2. Sleep apnoea and other sleep disorders are often overlooked, though they are more frequently in the news now and awareness of them is increasing. OSA (obstructive sleep apnoea) is far more common than was previously thought, and is not restricted to fat guys in their later years.

    It can take years before a diagnosis of SDB (sleep disordered breathing) is considered as the cause of a patient’s series of complaints such as fatigue, depression, hypertension, night sweats, aches and pains, cramps, etc etc. carries a message board and also several articles and links about SDB. The best source of info on this subject on the web imo. Worth perusing if you’re interested, and hopefully more and more medics are becoming aware of the human cost of this common and treatable disorder.


    Di (Australia)

  3. Very interesting post, Pal.

  4. Hmmm, I was accused of somatization, fired from a doctor’s practice because they couldn’t figure out what was wrong…biopsy misread as benign (I insisted on the biopsy and was told I was crazy, nothing was wrong–I’d lost 35 pounds, looked like a concentration camp victim and I have a very healthy appetite normally)….

    Whooops. two years later, a really big node popped, oh gee, it was lymphoma…. Dr was, uh, kind enough to acknowledge that she took her anger out on me because she could not find a diagnosis….before these symptoms started I rarely went to the doctor except for periodic checkups….

  5. Doctors like feeling helpful

    Some do. Others are just in it for the money and want to get the patient in and out as quickly as possible. Quite a few have massive egos and will be angry at the patient for not being an easily solvable problem that demonstrates the doctor’s wisdom and skill.

  6. There are those patients which for whatever reason a diagnosis can’t be pinned down. I just lost my uncle and we still don’t know what caused his death. I have to give a lot of credit to his doctors for trying as hard as they could to figure out what was wrong but they just didn’t have enough time. Hopefully when the autopsy results come back we’ll know, and give us and the doctors who were treating him some answers.

    Obviously that’s a very extreme case in that my uncle died but imagine a patient who isn’t as sick as my uncle was but still has an illness which doctors can’t pin down. I can see why someone like that could be desperate for any diagnosis even from a quack. That’s why I think people need to be educated more about medicine and science so they hopefully won’t pursue useless or even harmful treatments.

  7. My chronic muscle pain began 20 years ago after several bouts of kidney stones and three surgeries. Doctors threw everything at it from antidepressants to vicoden, which just made me feel ‘off’. One prescribed antibiotics (what?).

    A physical therapist helped me learn to manage the pain more effectively through exercise and a Buddhist friend gave me some very useful perspective. But I don’t even bother discussing it with the doctor anymore. Unless they’ve learned some new tricks it’s like talking to a wall. I work, have hobbies, enjoy life, though no air travel. It just is what it is.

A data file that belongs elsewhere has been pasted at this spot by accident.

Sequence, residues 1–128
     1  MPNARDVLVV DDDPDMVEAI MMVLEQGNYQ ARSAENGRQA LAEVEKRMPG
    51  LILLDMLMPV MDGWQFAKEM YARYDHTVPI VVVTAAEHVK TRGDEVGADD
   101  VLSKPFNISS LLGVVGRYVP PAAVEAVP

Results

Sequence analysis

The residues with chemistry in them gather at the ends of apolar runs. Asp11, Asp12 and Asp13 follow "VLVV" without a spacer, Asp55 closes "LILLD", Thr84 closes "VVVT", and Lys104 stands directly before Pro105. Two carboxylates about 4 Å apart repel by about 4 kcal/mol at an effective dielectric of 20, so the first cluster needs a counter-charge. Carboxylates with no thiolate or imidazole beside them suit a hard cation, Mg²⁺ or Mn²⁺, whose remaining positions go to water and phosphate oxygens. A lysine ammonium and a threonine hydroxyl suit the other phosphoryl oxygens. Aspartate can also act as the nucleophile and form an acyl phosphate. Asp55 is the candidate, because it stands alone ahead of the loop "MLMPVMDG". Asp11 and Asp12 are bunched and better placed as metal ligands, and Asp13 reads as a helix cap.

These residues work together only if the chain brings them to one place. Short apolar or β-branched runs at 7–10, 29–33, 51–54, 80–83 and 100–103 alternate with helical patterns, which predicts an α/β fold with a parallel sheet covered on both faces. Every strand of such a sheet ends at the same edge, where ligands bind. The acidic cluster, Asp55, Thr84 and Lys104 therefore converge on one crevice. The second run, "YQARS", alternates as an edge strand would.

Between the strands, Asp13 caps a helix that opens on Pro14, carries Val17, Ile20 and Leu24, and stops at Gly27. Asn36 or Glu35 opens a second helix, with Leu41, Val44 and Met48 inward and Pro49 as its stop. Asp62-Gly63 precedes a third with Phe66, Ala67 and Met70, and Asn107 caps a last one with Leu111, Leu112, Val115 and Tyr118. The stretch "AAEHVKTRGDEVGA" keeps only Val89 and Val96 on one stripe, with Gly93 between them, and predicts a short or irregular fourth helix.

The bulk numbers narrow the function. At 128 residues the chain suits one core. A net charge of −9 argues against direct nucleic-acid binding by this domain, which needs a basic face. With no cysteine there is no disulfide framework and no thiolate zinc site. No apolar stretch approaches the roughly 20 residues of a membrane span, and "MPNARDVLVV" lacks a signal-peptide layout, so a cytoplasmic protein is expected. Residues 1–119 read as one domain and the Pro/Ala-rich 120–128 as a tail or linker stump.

Not knocking doctors – they did a fine job after an accident four years ago and another #%$! kidney stone earlier this year. But not everything fits their process, I guess.

  8. Seeing a lot of patients like this these days on my primary care rotation. They are frustrated and frustrating to treat. We even had one who went to the ER and since they were such a frequent flier the ER docs dismissed their complaint without even doing a basic physical exam – and missed the crummy exudate in the back of the throat actually causing major discomfort.


    So, what do you do? You take them seriously every time. Look for something that can be treated, if it’s there treat it, if not reassure. It’s the best we can do.

    Many times what is wrong with a portion of this group is that their life is hard and it is making them miserable. This manifests as physical symptoms but the doctor has no capacity to detect physical causes or treat the underlying problem – that the patient needs a new job, needs a new husband/wife, needs relief from economic stress, needs better children that don’t steal their social security checks, needs to lose 200 pounds, needs a dog for companionship…something in their life desperately needs to change and a physician doesn’t have the tools to fix these kinds of problems (at least not easily). And because their life is going crummy they feel crummy, so they go to the doctor feeling crummy and we can’t correct what is making them feel crummy. Those are the toughest patients because you feel compassion for them but you can’t run people’s lives. You give the best advice you can, offer counseling, offer antidepressants, recommend diet and exercise, recommend quitting smoking (amazing what that can do), offer what you can to address the underlying issues but it’s hard to make people change in 15 minutes.